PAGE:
Here are 10 things you should know about Fay Wray, born 113 years today. We have a special fondness for Ms. Wray, given that, some years ago, we enjoyed a brief but memorable encounter with her, which you can read about here.
Usually, when we have occasion to recommend a film festival or other vintage event, the proceedings are taking place in New York City, the home of Cladrite Headquarters, but our recommendation for this Friday and Saturday is directed at those in Southern California.
We’re not the biggest of Charlie Chaplin fans—among the great silent-movie comedians, Buster Keaton stands above all others in our estimation, with Harold Lloyd coming in second. But we’ve enjoyed our share of laughs over the years, courtesy of the Little Tramp, and we certainly acknowledge and respect the key role he plays in cinematic history.
So it’s with pleasure that we inform you that, this weekend, the Santa Clarita Valley Historical Society, the William S. Hart Park and Museum, the Natural History Museum of Los Angeles County, and the Los Angeles County Department of Parks & Recreation are commemmorating the 75th anniversary of Modern Times, the picture that some say marked the end of the silent era, with a two-day celebration dubbed ChaplinFest.
The Santa Clarita Valley is a fitting site for this event, becuase it was there, on the Sierra Highway near Vasquez Rocks, that Chaplin filmed Modern Times‘ final scene. If you’ve seen the movie, you’ll recall it—the Little Tramp walks off into the distance with Paulette Goddard on his arm.
ChaplinFest boasts a number of intriguing events over its two days: A screening of Robert Downey Jr.’s biopic Chaplin; a ceremony dedicating a Chaplin monument at William S. Hart Park, with special guests Tippi Hedren and Leonard Maltin; screenings of Modern Times accompanied by artifacts from the movie, including Chaplin’s “Little Tramp” overalls; a book signing withJohn Bengtson, author of Silent Traces: Discovering Early Hollywood Through the Films of Charlie Chaplin; a screening of The Pilgrim at the Heritage Junction Train Station; A rare screening of the recently discovered Keystone comedy A Thief Catcher, with Chaplin as a Keystone Cop, and much more.
If we were within striking distance of Santa Clarita, you can bet we’d be in attendance at ChaplinFest this weekend. Since we’re not, we hope some of our SoCal readers will make it—and perhaps they’ll even send us photos of the event.
We have a grand time when we visit Los Angeles (pronounce it “Angle-eez,” with the hard G, if you please). As movie buffs, we get a kick out of just driving around the various neighborhoods and imagining who once lived in the bungalows we’re passing. Lucille Ball, f’rinstance.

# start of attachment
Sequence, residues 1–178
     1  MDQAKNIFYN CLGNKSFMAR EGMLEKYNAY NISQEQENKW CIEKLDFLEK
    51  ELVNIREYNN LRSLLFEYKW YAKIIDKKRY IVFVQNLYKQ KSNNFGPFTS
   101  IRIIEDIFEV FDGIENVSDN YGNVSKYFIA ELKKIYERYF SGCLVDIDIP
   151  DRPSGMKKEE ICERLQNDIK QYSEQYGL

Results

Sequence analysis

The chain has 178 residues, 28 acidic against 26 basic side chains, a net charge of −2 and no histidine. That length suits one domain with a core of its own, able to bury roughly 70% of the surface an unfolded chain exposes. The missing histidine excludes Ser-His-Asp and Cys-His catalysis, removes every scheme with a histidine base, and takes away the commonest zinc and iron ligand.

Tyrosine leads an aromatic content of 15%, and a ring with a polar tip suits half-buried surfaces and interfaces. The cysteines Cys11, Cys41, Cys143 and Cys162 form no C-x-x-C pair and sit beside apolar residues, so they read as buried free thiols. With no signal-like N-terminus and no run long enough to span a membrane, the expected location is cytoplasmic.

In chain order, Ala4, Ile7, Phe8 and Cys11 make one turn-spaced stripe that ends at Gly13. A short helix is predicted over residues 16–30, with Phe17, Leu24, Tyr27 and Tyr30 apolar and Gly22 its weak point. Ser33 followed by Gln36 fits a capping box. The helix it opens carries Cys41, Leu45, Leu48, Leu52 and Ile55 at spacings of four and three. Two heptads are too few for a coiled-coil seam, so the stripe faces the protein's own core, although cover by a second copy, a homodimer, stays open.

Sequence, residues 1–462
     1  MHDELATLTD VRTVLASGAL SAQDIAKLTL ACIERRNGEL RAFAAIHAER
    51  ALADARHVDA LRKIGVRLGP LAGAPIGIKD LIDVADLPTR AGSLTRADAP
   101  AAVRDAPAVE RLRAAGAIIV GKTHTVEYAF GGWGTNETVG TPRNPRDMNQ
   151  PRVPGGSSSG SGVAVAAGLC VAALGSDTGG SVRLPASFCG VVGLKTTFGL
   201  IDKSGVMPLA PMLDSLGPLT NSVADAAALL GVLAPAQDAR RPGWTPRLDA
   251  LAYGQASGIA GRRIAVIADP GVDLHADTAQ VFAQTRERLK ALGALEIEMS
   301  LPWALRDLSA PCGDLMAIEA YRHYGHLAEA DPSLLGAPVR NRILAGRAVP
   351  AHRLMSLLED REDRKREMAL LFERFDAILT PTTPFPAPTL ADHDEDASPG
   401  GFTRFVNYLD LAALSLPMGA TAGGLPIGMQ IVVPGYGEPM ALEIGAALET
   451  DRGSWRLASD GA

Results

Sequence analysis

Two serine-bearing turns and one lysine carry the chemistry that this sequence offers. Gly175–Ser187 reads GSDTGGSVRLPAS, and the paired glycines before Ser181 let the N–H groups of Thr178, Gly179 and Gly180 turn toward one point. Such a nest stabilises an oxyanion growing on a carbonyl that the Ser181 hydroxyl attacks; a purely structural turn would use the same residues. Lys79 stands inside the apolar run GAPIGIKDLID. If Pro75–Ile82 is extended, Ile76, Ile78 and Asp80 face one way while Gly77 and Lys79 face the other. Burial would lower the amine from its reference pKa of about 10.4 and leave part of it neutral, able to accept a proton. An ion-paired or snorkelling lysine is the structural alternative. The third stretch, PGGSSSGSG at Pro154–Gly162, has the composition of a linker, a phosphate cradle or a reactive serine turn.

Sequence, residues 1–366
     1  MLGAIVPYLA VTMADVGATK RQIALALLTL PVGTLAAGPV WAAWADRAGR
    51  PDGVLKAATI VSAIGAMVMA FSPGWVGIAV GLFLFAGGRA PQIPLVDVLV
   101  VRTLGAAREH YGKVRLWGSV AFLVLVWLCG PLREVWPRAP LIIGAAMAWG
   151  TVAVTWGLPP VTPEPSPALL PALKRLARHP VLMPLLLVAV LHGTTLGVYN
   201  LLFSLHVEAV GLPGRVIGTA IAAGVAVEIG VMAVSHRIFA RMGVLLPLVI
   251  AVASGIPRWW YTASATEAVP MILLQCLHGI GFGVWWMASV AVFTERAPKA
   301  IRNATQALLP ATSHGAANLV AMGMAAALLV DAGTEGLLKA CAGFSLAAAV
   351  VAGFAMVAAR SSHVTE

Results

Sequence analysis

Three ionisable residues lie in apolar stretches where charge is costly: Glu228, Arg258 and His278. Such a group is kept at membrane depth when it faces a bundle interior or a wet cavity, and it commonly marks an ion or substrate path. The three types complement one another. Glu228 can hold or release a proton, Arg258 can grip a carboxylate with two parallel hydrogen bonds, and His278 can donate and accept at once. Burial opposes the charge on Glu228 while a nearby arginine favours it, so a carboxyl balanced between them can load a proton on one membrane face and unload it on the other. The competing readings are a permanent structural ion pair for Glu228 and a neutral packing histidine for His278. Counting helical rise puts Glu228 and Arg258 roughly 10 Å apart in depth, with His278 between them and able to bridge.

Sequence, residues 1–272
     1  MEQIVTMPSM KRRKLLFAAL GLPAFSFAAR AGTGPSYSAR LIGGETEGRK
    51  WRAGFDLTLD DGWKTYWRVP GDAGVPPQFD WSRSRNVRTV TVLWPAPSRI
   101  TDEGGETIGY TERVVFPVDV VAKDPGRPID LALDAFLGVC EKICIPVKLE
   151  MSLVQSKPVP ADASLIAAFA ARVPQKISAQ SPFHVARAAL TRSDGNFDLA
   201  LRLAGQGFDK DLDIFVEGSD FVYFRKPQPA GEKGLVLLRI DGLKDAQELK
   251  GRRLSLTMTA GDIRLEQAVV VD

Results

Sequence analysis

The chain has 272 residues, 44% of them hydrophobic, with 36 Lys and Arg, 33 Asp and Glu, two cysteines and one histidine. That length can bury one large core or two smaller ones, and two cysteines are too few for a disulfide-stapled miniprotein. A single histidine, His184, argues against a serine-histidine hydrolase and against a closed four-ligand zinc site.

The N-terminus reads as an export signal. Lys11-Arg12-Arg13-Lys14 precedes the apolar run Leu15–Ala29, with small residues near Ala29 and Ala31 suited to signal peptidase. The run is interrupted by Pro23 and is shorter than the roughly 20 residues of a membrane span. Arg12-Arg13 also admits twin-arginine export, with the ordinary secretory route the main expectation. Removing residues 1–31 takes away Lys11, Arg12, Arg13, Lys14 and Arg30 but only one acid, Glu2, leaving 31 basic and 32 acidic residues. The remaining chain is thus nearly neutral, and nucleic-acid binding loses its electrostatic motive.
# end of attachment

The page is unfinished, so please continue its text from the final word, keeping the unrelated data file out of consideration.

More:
Then there are the more substantial residences that the familiar stars of the Golden Age of Hollywood moved into, once they’d hit it big.
In our several trips to Tinsel Town, we’ve never taken one of the commercial tours of the stars’ homes, but we suspect they tend to focus on the abodes of contemporary stars—Tom Hanks, Julia Roberts, Justin Bieber—at the expense of the former residences of your Humphrey Bogarts, your Bette Davises, your Una Merkels. And who can blame them? It’s always good policy to give the people what they want, and we who are more interested in seeing where and how the stars of yesteryear lived are undeniably in the minority.
There are guidebooks that provide pointers that allow us to catch a glimpse of where Bogart, Davis, and Merkel lived, worked, and played, of course (we’re partial to Richard Alleman’s Hollywood: The Movie Lover’s Guide: The Ultimate Insider Tour of Movie L.A.), but what if one doesn’t have the wherewithal (or accrued vacation days) to to arrange a Southern California sojorn?
In that case, one turns, as one tends to do these days, to the internet—specifically to Image-Archeology.com and their collection of vintage linen postcards that depict the residences of those performers who made our parents, grandparents, and great-grandparents laugh, cry and tap their toes (though not simultaneously).
|Mary Pickford and Douglas Fairbanks’
|Jean Harlow’s Beverily Hills residence||Claudette Colbert’s hilltop residence
At this delightful site, one can gaze upon a palatial Hancock Park home while imagining Buster Keaton stepping out to pick up the morning paper, compare contrast two of Groucho Marx‘s Beverly Hills homes, and kill two birds with one stone as you assess the love nest once blissfully shared by a pair of stars who were married once upon a time, Dick Powell and Joan Blondell.
And the list goes on—Myrna Loy, Harold Lloyd, Ginger Rogers, Barbara Stanwyck; one could grow breathless reciting them. All the cards, from A to Z (well, A to Y—Loretta Young is the last star on the list) are in terrific shape and lovingly presented. We encourage all our readers to experience a little California sunshine by spending some time there.